Adventures in Antiquing
By Cathy Clark
(page 1 of 2)Scrounging around in a bin of old silverware at an antiques and collectibles mall is a pleasant way to fritter away a San Diego afternoon. The county has a growing number of shops, malls and entire city blocks where someone else’s old stuff has been elevated to collectible or even antique status.
The competition to get customers in the doors for everything from valuable antique furniture to collectible glassware and 1930s postcards is fierce. It turns out San Diego County just may be a bargain-hunters’ paradise—simply because San Diegans are not aware of what is here.
“Gosh knows San Diegans are aware that we pay a lot for real estate, but most people in the business will tell you there are great bargains even on quality antiques here,” says Timothy Akins, co-owner of Relics, one of the dozens of antiques and collectibles stores that line La Mesa Boulevard. “We have pieces—like really rare American antiques —that are two or three times more expensive on the East Coast.”
His proof is other dealers. They’re coming to San Diego to buy, Akins and other local dealers say, because a lot of family inventories have arrived here over the years with transplants. Inevitably, a lot of those belongings end up in estate sales.
We’re not talking, necessarily, about zillion-dollar collections of 14th-century French furniture—but well-kept pieces of just about anything of value that someone, somewhere will pay for. The eclectic tastes of San Diegans have created a huge variety of offerings—for casual shoppers on a budget all the way up to serious wealthy, collectors whose decorators haunt the stores.
Very hot right now is anything from the 1950s and ’60s. The furniture and lamps of those decades are considered vintage—though not old enough to fit into the U.S. government’s definition of antique, which is anything more than 100 years old. What you couldn’t give away even 10 years ago now brings hundreds of dollars. However, your mom’s solid-wood stereo cabinet (more useful these days as a bar or storage console) and those formerly hideous lamps are in competition with shabby chic, Art Deco, Mission style, English, French, Italian, Asian furniture—all of them popular, all of them plentiful in San Diego.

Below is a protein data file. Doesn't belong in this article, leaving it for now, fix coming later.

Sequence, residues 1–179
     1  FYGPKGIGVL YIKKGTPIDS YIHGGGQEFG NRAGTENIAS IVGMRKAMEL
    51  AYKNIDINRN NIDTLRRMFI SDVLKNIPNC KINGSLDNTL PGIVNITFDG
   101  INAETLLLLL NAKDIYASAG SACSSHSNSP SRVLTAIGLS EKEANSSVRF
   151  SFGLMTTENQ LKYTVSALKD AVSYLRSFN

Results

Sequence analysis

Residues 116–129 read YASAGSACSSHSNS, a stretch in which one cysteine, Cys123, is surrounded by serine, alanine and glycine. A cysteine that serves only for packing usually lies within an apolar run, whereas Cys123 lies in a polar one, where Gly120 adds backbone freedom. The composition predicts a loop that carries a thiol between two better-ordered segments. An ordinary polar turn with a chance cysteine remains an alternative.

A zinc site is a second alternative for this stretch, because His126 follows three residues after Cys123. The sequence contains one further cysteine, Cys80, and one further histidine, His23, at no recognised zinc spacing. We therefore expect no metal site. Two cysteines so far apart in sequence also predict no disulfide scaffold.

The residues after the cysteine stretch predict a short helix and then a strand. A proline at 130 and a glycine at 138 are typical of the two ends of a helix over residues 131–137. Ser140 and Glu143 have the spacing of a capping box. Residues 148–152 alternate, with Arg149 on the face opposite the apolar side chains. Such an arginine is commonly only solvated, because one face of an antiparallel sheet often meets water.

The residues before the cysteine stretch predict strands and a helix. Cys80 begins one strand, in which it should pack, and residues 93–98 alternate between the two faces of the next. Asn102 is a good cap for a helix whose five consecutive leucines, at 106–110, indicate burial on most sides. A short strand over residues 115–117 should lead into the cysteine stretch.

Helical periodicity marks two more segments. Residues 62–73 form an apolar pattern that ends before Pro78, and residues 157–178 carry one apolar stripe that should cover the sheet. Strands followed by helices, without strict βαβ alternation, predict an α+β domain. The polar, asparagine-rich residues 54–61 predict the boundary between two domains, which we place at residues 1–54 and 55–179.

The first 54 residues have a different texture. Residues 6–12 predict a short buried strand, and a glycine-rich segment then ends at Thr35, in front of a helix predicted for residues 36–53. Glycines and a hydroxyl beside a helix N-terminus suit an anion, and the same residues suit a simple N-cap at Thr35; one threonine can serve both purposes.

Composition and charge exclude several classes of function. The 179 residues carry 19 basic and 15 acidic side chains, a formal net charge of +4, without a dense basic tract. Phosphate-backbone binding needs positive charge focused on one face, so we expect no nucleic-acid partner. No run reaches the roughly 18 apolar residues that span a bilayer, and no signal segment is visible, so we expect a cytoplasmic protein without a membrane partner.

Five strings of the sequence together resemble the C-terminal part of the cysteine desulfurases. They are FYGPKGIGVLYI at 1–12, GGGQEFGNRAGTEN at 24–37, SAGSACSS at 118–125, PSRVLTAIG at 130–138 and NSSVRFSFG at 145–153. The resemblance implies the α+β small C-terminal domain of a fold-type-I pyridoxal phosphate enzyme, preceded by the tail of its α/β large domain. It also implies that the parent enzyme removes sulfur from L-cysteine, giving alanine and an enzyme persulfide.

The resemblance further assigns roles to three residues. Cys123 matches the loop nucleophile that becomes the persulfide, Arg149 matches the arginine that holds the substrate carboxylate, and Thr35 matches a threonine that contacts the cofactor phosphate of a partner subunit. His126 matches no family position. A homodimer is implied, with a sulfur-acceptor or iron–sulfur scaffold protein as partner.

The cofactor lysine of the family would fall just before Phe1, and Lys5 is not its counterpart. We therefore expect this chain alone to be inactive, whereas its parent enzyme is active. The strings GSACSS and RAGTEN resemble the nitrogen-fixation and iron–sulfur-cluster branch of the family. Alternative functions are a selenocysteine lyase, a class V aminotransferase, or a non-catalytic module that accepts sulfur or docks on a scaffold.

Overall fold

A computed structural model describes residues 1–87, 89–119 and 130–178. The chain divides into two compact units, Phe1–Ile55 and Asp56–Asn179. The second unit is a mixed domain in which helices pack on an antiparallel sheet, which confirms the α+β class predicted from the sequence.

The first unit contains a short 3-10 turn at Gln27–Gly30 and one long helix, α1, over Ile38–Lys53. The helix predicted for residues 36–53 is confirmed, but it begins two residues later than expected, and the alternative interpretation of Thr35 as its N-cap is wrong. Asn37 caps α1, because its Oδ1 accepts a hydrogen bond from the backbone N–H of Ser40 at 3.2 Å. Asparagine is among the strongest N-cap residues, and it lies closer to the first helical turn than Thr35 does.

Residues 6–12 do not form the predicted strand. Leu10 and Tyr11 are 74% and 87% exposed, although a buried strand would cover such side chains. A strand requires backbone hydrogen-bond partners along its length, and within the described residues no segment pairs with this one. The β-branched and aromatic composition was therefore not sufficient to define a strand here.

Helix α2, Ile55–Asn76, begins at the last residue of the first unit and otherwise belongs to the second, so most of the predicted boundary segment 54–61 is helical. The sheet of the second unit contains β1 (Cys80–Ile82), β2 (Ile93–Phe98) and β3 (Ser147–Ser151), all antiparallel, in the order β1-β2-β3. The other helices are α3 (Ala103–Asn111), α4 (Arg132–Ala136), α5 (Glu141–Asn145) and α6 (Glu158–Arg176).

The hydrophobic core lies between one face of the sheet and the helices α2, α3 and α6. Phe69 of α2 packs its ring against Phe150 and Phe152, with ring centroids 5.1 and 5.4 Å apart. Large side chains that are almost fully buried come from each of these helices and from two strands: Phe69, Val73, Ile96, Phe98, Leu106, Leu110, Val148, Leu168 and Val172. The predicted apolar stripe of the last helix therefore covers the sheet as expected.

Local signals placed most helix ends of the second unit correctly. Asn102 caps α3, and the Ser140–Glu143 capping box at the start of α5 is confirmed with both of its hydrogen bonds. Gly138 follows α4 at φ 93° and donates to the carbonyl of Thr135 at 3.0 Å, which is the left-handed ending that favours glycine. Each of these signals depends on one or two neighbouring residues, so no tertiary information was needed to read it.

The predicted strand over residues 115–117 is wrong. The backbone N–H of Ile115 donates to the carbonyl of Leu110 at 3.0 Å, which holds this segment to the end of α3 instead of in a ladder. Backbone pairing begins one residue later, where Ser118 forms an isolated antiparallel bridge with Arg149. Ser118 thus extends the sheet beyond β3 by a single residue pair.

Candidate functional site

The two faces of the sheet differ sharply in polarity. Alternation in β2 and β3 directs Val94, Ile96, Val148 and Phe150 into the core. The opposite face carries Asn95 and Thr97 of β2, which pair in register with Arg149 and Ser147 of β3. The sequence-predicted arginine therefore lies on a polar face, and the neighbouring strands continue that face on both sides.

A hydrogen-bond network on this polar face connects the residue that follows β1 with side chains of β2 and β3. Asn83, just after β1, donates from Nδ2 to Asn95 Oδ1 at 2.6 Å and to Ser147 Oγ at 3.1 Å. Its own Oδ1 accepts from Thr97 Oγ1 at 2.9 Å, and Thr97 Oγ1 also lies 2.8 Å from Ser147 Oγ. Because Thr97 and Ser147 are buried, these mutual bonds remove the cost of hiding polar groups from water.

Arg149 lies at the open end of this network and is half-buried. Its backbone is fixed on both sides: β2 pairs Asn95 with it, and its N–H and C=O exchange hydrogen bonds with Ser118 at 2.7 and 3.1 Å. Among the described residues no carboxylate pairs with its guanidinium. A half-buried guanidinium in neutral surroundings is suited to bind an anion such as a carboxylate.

“San Diego is such a mishmosh of different architectures that variety is the key to success” for dealers, says John Flores of Newport Avenue Antiques, a 7,000-foot store in Ocean Beach in which 25 vendors lease space. “We have to be creative and keep up with the times.”
July through September are considered the slow months in the antiques and collectibles business, one reason why bargains are to be had in the stores right now. “It’s all about turning things over,” says Akins. “If you price things over what local buyers will pay, you might as well become a museum.”
Akins and others make no bones about the fact it’s a big part of their business to sell to other dealers as well. While industry experts say dealers usually offer each other 20 or 30 percent lower prices, San Diego dealers say they often negotiate higher prices from other dealers than they would from local shoppers. “I had a European dealer come in and spend $4,000 on a Davenport desk,” Akins says, “and tell me he could get $30,000 for it when he gets home.”
Many local store owners also spend a great deal of time at shows in Los Angeles, Anaheim or Las Vegas, where consumers pay more for a piece of furniture than it would bring at a San Diego antiques store. The owners agree they can get at least 30 percent to 50 percent more in Los Angeles or San Francisco.